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Side Effects

Side Effects is Steven Soderbergh’s penultimate film before he goes on an unspecified hiatus from the director’s chair. Continuing the theme of medical terror he explored in 2011’s Contagion, Soderbergh brings it straight into the everyday home. Instead of taking a terrifyingly plausible look at the destructive natural power of the virus, here he forces us to examine what most of us voluntarily take almost every single day, a manufactured pharmaceutical drug.

Rooney Mara, perhaps best known for her work as the titular character in Fincher’s The Girl with the Dragon Tattoo, stars as Emily Taylor. Emily suffers from clinical depression. After being reunited with her husband, Martin (Channing Tatum), who has been recently freed from prison, her symptoms continue to develop even becoming suicidal.

In desperation she turns to her psychiatrist, Jonathan Banks (Jude Law). After some deliberation, and a lack of success with more conventional pharmaceuticals, he prescribes her a new experimental drug, Ablixa. As the title suggests Emily suffers devastating side effects, and Dr Banks is forced to take the full blame for her actions. Unwilling to accept his condemnation so easily, Banks begins to investigate. It is at this point that Side Effects really starts to take hold.

From the opening zoom inside Emily’s apartment to the creeping tracking shot following a crimson trail on the floor, the Hitchcockian influence is undeniable. With the troubled female lead and untrustworthy figures of power, Soderbergh draws the audience into Emily’s complex web of psychology, drugs and the human centrifuge which mixes the two together.  If she was a blonde and not brunette you would almost forgive yourself for believing it was the ‘Master of Suspense’ behind the camera and not the man who last year directed Magic Mike.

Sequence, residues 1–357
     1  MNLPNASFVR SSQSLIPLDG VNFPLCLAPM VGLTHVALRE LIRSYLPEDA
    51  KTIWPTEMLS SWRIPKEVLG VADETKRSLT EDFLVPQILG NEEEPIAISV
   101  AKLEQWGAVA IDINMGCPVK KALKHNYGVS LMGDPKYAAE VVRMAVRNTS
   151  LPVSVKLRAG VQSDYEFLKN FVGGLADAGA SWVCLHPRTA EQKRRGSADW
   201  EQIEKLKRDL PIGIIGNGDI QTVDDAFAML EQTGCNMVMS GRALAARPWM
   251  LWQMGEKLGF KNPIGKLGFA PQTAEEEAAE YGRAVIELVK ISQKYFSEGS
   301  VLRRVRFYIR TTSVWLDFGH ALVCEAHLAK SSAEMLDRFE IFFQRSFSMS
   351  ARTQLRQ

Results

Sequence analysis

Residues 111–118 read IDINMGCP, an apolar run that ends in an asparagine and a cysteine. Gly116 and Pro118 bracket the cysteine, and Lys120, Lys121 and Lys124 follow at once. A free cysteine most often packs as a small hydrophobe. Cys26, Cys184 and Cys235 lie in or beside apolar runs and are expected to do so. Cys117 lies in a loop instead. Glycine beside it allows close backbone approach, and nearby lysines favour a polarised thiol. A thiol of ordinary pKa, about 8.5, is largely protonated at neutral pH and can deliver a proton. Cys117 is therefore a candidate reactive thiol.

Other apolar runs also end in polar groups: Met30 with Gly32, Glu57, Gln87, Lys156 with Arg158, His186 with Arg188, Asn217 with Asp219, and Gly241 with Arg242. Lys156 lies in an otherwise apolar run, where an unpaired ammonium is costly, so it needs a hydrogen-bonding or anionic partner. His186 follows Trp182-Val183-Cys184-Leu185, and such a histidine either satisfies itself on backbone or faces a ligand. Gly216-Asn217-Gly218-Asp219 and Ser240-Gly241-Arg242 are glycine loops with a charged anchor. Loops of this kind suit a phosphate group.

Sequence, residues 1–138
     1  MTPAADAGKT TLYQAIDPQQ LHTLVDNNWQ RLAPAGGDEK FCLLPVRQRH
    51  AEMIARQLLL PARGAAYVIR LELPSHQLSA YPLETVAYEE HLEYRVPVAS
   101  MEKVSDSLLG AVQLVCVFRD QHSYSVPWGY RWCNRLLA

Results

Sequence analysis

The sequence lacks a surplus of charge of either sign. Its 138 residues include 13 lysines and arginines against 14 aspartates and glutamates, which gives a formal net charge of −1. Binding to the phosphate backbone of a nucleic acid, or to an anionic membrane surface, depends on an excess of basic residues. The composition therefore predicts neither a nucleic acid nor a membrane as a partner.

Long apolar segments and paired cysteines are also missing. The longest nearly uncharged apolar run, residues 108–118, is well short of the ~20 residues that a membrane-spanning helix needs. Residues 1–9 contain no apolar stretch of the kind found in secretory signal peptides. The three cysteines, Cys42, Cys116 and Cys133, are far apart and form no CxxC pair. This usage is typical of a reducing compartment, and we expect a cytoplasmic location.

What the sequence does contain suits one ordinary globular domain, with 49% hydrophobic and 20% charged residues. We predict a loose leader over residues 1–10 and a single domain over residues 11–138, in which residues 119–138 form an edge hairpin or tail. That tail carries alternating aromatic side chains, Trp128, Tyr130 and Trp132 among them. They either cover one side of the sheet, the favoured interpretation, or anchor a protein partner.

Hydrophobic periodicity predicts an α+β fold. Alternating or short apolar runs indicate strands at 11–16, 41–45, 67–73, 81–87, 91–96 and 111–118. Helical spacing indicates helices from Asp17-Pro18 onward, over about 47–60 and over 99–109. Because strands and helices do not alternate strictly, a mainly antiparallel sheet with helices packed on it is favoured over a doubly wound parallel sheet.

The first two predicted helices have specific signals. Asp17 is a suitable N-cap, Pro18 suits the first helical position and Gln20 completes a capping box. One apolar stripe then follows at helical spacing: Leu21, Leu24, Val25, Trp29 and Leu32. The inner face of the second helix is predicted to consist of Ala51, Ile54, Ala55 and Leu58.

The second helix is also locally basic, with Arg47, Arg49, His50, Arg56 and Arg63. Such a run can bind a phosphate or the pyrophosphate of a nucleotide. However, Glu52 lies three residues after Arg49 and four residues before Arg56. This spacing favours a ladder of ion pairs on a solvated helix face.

Side Effects’ first third is really the trailing queue waiting to board the ride; it introduces the key players, sets up the back story and gives you an idea of the world they inhabit but it does so quite slowly. After offering a glimpse of the violence to come at the very start of the film, this extended flashback to the time just before it occurs simply leaves you waiting for it to happen. Once it does however, Soderbergh leaves no time for you to catch your breath. Suddenly, the pace accelerates and the narrative twists, turns and loop-the-loops until you almost forget where you started.

Providing that you have paid attention and remembered character names, relationships, and actions you should be able to keep some sort of grasp on the plot  but at times I was left a little perplexed. Part of this is down to the number of worlds the story plays out in. It goes from Emily’s home life to Dr Banks’ psychiatric offices, to the upper echelons of pharmaceutical marketing and drug development and never really lets you settle in one.

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Thankfully, the character performances are such that often you don’t need context to understand more about them. It isn’t just Mara’s brilliantly portrayed Emily that has troubled psychological layers. Jude Law takes Dr Banks from an arrogant practitioner to a shamed, shunned wreck but keeps the character’s self-belief throughout. What was the source of his inflated ego becomes the driving force behind his redemption. A special mention should also go to Catherine Zeta-Jones, who also takes a relatively simplistic character and fuels her with captivating complexity.

Side Effects, if nothing else evokes one question; who gives psychiatric help to the psychiatrists? Whilst it wears it’s preoccupation with the dangers of prescription drugs on its sleeve, Side Effects finds its real scares in the people who prescribe them.

By Oliver Dyson